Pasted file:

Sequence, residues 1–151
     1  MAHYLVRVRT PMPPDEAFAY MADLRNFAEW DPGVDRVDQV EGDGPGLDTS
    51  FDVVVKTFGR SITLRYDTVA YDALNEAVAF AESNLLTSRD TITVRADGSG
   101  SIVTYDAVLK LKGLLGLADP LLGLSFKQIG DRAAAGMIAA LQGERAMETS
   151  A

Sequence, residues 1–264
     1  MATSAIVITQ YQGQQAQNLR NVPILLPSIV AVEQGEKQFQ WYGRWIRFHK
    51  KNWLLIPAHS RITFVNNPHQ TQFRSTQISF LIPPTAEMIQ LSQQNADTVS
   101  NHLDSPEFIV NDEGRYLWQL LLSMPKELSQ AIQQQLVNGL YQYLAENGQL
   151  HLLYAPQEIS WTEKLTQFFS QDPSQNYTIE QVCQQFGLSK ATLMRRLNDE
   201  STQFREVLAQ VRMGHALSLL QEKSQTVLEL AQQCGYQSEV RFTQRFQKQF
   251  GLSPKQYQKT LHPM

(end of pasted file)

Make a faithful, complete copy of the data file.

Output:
Sequence, residues 1–151
     1  MAHYLVRVRT PMPPDEAFAY MADLRNFAEW DPGVDRVDQV EGDGPGLDTS
    51  FDVVVKTFGR SITLRYDTVA YDALNEAVAF AESNLLTSRD TITVRADGSG
   101  SIVTYDAVLK LKGLLGLADP LLGLSFKQIG DRAAAGMIAA LQGERAMETS
   151  A

Sequence, residues 1–264
     1  MATSAIVITQ YQGQQAQNLR NVPILLPSIV AVEQGEKQFQ WYGRWIRFHK
    51  KNWLLIPAHS RITFVNNPHQ TQFRSTQISF LIPPTAEMIQ LSQQNADTVS
   101  NHLDSPEFIV NDEGRYLWQL LLSMPKELSQ AIQQQLVNGL YQYLAENGQL
   151  HLLYAPQEIS WTEKLTQFFS QDPSQNYTIE QVCQQFGLSK ATLMRRLNDE
   201  STQFREVLAQ VRMGHALSLL QEKSQTVLEL AQQCGYQSEV RFTQRFQKQF
   251  GLSPKQYQKT LHPM